• Processes – a set of digital rules that are utilized by one or more systems to take inputs, transform them and produce outputs that are reported or utilized by other systems. Relates to business interruption exposures and risks.
  • Data Types – information that is processed and stored. Data can be classified into different types including privacy, credit card, intellectual property, customer data, supply chain data, etc. and relates to regulatory exposures
Module Grade:

Each student is expected to satisfy the following requirements:

  • Quizzes (30%)
  • Data Breach Case Study Assignment (20%)
  • Digital Asset Lab (50%)

Module 2: Cybersecurity Regulations (2.5hr)

This module introduces cybersecurity regulation based on industry, geography, government and data type. It explores standards and frameworks aligning them to security control tests. Regulations covered at the Federal level are the Healthcare Information Portability and Accounting Act (HIPAA), Securities Exchange Commission (SEC), Graham Leach Bliley Act (GLBA), and the Fair Practices Act. Regulations at the state level focus on new privacy laws including the California Consumer Protection Act (CCPA), State privacy acts in Maine, Nevada, Colorado and the New York State Department of Financial Services Part 500 (NY CRR 500) and the Insurance Data Security Act. The module covers both organizational and third-party requirements. The module explores each control test, their use, and how to conduct the tests in a lab environment. Each student is required to do an online lab. The lab assignment is a security assessment of a system at their organization or a fictious or public organization. Security Assessments can be prescriptive or not. Controls can be mapped across frameworks. Here are the main objectives found in this module to map control assessment requirements to the following laws:

  • Federal Regulations – Including FTC, FCC, OCIE, HHS and GLBA Laws
  • State Regulations – Including CCPA, NYS DFS, State Privacy Laws, and the Insurance Data Security Act
  • Industry Standards – Including PCI
  • European Regulations – Including GDPR
  • Frameworks – Including ISO27001, PCI-DSS, NIST 800-53, NIST CSF, COBIT, CIS Top 20 Controls, etc.
Module Grade:

Each student is expected to satisfy the following requirements: Quizzes (50%) Security Assessment Lab (50%)

Module 3: Cyber Insurance (30 min)

This module introduces cybersecurity insurance. Many companies are now required to have cyber insurance to work with the federal government, their contractors and other commercial entities. Digital asset quantification aligns exactly to how a cyber insurance claim will be paid. Having the right amounts and steering clear of exceptions is critical to ensuring an investment. Ransomware is rising exponentially over the past few years and more so with the Corona Virus pandemic.

The course provides students with a method to create an effective ransomware strategy and gauge their preparedness for a ransomware attack. In this module, students will understand how to quantify cyber insurance and calculate the aggregate limit, and sub-limits including cyber extortion, business interruption and privacy sub-limits. The module explores first and third-party cyber risks and identifies gaps in current property and casualty insurance policies where claims would not be paid. A cyber insurance case study is required that explores a data breach or ransomware attack. Students learn trends and statistics and gaps in cybersecurity programs that might result in unpaid claims and how to avoid them.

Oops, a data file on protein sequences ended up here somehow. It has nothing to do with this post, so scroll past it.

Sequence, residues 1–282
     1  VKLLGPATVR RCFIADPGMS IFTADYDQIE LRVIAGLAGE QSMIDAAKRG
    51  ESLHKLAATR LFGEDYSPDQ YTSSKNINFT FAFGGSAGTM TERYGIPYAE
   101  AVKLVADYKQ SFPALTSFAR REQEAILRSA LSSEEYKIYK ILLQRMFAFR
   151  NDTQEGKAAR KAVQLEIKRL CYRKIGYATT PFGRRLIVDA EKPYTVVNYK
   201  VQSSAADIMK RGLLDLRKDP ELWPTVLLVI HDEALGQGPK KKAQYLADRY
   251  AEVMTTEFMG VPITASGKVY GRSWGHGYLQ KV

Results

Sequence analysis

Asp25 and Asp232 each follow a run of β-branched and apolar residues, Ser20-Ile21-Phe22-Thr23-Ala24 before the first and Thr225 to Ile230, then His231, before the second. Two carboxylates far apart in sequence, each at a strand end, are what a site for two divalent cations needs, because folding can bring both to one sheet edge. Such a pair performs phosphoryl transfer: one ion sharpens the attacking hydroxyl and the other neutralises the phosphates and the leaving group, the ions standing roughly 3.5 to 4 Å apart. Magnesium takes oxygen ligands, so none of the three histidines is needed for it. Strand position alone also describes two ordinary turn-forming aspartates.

Here are the main objectives of the cyber quantification lab:

  • Aggregate limit calculation
  • Cyber extortion sub-limit calculation
  • Business interruption sub-limit calculation
  • Privacy sub-limit calculation
Module Grade:

Each student is expected to satisfy the following requirements:

  • Quizzes (20%)
  • Cyber Insurance Case Study (30%)
  • Cyber Insurance Quantification Lab (50%)

Module 4: Cybersecurity Risk Quantification and Management (1 hr)

Cyber risk has mystified organizations for the past decade. Many companies do a vulnerability assessment and call it a risk assessment. A vulnerability assessment is an assessment of weaknesses in systems, it is not a risk assessment. Insurance companies gather lawsuit data and call that risk. Lawsuit data is based on incidents. Incidents have a 100% probability and are not risk. Some look at data from the deep and dark web and call spam propagation and botnets risk. They are threats. This course is based on three years of research with the Fortune 1000 and cyber insurance industry to understand why companies struggle to be cyber resilient. They are looking at the wrong data to make strategic decisions with long term consequences regarding budget, insurance, and cyber tools. Cyber risk is measured with two metrics – exposures and scores using impact and likelihood data.

This module provides students that ability to quantify cyber exposures and measure cyber risk scores. It demonstrates the use cases for cyber exposures including crown jewel asset strategies, identification of hidden exposures, vendor exposures, calculation of cyber insurance limits and sub-limits, and M&A due diligence. Students learn how to measure inherent cyber risk, residual cyber risk and the effectiveness of cybersecurity controls and its relationship to risk mitigation. Demonstration of use cases including identifying gaps in the organizations’ cybersecurity program and their vendors programs.